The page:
And clearly, he has a false or misleading problem to the extent, bringing it back to Bannon, that Bannon is saying that he's the access point.

Here you have someone saying, I've had no communication with anyone in the Trump campaign. Last I recall, Bannon was the chief strategist. That would make him a central figure in the Trump campaign.

And then not only to the extent that he communicated with them but, Assange, who's he? And of course, he's given contradictory information. I'm with Assange. I know Assange. By the way, I'm just blustering. I never knew him.

So to the extent that Bannon also says that there's a relationship there, it's kind of troubling. It's what we call damning testimony.

CABRERA: OK. Let me ask you about "The Godfather" and this interesting directive coming from the judge.

I want to play a famous scene from "Godfather, Part II." This is one so many people out there know. This is when the government witness lies to a Senate committee about Michael Corleone's mafia ties. He loses his nerve after Corleone shows up with Frank's brother from Italy. Watch.


UNIDENTIFIED ACTOR: I was in the olive oil business with his father, but that was a long time ago. That's all.

Look, the FBI guys, they promised me a deal. So I made up a lot of stuff about Michael Corleone because that's what they wanted.

But it's all lies. Everything. I kept saying Michael Corleone did this and Michael Corleone did that. (END VIDEO CLIP)

CABRERA: OK. Help us understand, why did the judge warn jurors not to watch the movie?

JACKSON: This is pretty significant. The reason is that, of course, you have Roger Stone -- remember what he's charged with. Not only is it the obstruction of justice for misleading Congress, not only is it the lying, but it's also witness tampering.

There was a witness that was going to testify before Congress, and he told them to pull a Frank. He said to pull him, right?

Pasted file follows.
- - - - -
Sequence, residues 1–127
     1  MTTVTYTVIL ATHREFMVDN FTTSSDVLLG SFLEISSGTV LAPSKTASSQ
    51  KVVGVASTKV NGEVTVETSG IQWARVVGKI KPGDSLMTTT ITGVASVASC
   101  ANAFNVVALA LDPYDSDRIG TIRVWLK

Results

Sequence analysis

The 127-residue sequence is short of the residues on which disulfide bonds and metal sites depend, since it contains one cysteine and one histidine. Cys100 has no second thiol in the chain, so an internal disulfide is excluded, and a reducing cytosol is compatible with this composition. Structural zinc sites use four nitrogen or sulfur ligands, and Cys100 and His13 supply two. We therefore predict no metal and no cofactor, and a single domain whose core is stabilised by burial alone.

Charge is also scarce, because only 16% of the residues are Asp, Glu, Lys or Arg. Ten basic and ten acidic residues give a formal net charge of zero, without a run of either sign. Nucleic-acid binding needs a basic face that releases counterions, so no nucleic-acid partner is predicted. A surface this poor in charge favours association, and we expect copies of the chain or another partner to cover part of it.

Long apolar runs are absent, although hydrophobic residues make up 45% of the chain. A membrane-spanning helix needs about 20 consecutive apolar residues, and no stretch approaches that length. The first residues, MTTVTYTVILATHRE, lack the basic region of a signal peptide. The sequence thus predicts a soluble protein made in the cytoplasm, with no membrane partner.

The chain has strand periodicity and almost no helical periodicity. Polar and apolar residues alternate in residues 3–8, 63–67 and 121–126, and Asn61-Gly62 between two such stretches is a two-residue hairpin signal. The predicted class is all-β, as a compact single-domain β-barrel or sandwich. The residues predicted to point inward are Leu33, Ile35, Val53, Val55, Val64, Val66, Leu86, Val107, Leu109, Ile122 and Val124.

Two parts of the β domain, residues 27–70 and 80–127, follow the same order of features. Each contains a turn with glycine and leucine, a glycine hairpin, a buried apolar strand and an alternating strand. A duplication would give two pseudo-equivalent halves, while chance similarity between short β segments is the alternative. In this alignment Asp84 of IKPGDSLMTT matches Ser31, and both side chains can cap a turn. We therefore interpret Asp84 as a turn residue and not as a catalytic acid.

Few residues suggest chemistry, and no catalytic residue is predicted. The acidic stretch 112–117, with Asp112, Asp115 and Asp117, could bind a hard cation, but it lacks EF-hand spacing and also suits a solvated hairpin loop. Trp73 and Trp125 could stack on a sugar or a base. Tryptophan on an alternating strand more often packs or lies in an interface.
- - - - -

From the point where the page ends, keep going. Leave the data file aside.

What does that mean? It means to act in accord with what we just saw in that clip. Yes, I said all these things. I said, of course, we knew about everything that was occurring, but it was lies. It was all lies.

So to the extent you tell a witness to be deceptive, to lie for you, to cover your tracks, it's tampering. So the judge said, because there was a reference to the gentleman we just saw on "Godfather," do not, jurors, go home and watch this clip.

CABRERA: Another thing that may be related to the witness tampering charge involves a man named Randy Credico. He was on the stand.

If viewers recall, as we have been reporting on the Roger Stone case, Roger Stone had threatened him at one point, he says, in which Stone reportedly said, I'm going to take that dog away from you. Credico said he didn't take Stone's threat seriously.

Does that now, I guess, undercut the prosecution's case?

JACKSON: You could argue that.

You know what, it's a question of credibility. Is this a witness here who's trying to protect Roger Stone by backpedaling a little bit and saying, yes, he called me a rat, called me these other things, he was a little hostile, but that's how he is.


In the final analysis, it's not so much how he took it. It's whether or not you had a communication with that witness, and in communicating, were you trying to alter or having them deceive members of Congress?

So, I don't think the import of it is so much how the witness perceived it. I think it's more what you were trying to get the witness to do. So I think it has little import at the end of the day. I think the charges to tampering is pretty strong.